The detective sergeant has no name. He works for a superior known only as The Voice. He works out of a place called The Factory, a department called Unexplained Deaths.
This nameless investigator is protagonist of Derek Raymond’s Factory series of crime novels, which I’ve just started reading — predictably enough, in the middle of the sequence. How The Dead Live is sensational and I immediately wanted to film it. One problem — I wanted to film it with Stanley (PERFORMANCE) Meadows in 1965, twenty years before it was written, two years before I was born.
But never mind, I’ll happily film it now if anybody will let me. The French have filmed two Raymonds, but the language of the books is so integral they must be losing masses of good stuff. How the Dead Lives alternates between madly uneven existential philosophy and pulp posturing in its narration, and shamelessly dated (even for the mid-eighties) cockney patter and noir bullshit in its dialogue. I found it utterly irresistible. You have to imagine dialogue as excessive as Clifford Odets’ in THE SWEET SMELL OF SUCCESS of Abraham Polonsky’s in FORCE OF EVIL, only wrapped round a clenched London fist of slangy argot.
“‘I don’t think you quite understand,” I said. ‘I’ll put it this way. The more you don’t tell me right answers to what I want to know, the more I start to suspect — and as another police officer I’d better remind you straight off, you be careful you don’t pot the wrong colour on this one, darling. Because if you do you could lose the whole of this frame fast and find yourself on your ear with a pension worth five times fuck all. Now your best course is to start telling me what I want to know immediately, otherwise I’ll dig it up by myself and God help you, are you reading me? It’s London that wants the answer to this Mrs Mardy business fast, and I mean very fast. I’ve got a firework up my arsehole from my folk, and that means I’m going to have to put one up yours, it’s called self-help, alright?'”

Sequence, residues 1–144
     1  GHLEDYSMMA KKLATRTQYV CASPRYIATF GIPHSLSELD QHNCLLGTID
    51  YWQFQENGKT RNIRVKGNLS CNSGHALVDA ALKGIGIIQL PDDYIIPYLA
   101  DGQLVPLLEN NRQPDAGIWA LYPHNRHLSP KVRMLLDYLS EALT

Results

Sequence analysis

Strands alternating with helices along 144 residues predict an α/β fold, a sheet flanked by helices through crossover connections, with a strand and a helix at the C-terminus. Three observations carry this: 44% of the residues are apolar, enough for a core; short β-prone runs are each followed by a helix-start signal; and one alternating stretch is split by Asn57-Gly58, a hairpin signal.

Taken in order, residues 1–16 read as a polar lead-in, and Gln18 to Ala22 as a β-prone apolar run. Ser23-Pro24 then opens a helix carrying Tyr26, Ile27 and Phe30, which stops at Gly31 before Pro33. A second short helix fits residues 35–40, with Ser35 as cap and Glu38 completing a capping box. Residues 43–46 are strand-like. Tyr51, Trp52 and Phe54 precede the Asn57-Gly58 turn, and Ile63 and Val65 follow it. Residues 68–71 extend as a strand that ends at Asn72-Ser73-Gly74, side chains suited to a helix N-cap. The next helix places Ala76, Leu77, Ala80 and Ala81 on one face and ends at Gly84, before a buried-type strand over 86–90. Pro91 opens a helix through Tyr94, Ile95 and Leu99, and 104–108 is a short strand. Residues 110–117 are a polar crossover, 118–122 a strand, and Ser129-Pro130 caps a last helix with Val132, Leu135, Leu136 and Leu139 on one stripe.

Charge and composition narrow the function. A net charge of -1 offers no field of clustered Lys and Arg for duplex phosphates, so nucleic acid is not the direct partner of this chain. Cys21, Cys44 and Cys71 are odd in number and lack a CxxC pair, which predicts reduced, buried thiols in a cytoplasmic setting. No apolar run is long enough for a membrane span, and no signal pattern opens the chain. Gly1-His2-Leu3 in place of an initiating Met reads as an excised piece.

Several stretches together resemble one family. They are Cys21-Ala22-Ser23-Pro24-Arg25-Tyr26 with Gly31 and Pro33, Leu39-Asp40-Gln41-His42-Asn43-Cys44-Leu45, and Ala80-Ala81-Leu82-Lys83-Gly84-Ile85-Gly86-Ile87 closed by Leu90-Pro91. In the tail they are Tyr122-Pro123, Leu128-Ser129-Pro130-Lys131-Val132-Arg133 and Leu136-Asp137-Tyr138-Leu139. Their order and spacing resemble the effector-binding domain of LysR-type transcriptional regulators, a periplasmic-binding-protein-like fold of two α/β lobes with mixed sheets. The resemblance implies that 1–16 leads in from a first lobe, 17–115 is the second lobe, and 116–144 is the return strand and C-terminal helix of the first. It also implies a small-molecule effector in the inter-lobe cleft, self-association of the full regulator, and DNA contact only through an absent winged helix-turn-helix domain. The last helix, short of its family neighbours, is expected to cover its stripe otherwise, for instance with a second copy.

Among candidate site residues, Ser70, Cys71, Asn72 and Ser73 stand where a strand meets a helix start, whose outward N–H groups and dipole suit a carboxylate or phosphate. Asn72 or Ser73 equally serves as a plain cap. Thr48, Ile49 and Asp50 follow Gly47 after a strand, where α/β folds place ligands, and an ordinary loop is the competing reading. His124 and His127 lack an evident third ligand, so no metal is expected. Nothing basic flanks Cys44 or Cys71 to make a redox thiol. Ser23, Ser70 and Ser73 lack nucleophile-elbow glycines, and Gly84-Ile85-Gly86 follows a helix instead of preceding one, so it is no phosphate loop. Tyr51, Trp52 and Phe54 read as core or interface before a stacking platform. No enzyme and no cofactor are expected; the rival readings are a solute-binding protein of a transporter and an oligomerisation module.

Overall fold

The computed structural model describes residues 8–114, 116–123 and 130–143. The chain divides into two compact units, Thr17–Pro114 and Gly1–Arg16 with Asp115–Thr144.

Storywise, How the Dead Live starts like Red Harvest and ends like Poe — maybe The Facts in the Case of M. Valdemar, for instance. It’s smeared over with death throughout, although there’s only really one fatality within the novel’s time-frame. Raymond is obsessed with the Big Sleep. His prose reeks of decay. His hero is a ragged scarecrow of a man, the world he moves through is slipping into putrescence. At the centre of the book is a vast manor house collapsing with damp, its contents rotting away.
“Now I saw by the final light what I had only sensed in the dark the time before. Now appeared the murderous abandon of the park — shrubs that had once been planted in orderly groups shrank like wet beggars; the flailed and thrashed, unpruned, under diseased elms staggering in the gale. I stopped the car, got out and looked up at the ruin of the house, high, wet and hideous.
“As I stood there I suddenly felt afraid — not of what confronted me but in a general way. I thought and felt that the secret of existence was perhaps to get old with beauty, ironically, coming closer and closer to you as you aged; innocence, everything that you had rejected or ignored as a young man, entering you like music all the time until in the end there was no more time. Then much of what had seemed so hard would be over, after too much work in cities, after patrolling too many streets for too long, after studying too many faces with the sly, fixed look of the dead.”
It’s purple and overripe and totally sincere, like Poe or Cornell Woolrich. The best bits are incredibly sharp, the worst bits are still kind of brilliant. By the end I had settled on Bill Nighy to play the detective sergeant in my dream movie, although there’s a brilliant actor called Danny Webb who’s more the right age and could also be great. He has the same mad, icy eyes as the late great Nigel Green.
“‘Considering who you are and what you do,’ he said, ‘I think you’re all right.’
‘None of us are ever all right,’ I said. ‘We’re all just waiting for the death express.'”